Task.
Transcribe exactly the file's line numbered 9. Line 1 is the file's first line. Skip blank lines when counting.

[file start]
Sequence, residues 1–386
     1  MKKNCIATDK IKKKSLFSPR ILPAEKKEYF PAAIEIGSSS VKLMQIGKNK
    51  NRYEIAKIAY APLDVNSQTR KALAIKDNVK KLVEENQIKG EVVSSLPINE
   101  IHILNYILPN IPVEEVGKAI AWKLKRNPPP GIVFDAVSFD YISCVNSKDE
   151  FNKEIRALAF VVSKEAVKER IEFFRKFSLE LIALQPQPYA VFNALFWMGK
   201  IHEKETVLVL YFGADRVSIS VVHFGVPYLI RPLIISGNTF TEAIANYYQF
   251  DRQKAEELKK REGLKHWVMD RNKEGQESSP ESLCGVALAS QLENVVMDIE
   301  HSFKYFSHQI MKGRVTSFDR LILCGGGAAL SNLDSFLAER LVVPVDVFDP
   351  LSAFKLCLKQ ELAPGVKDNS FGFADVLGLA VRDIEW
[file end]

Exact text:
   351  LSAFKLCLKQ ELAPGVKDNS FGFADVLGLA VRDIEW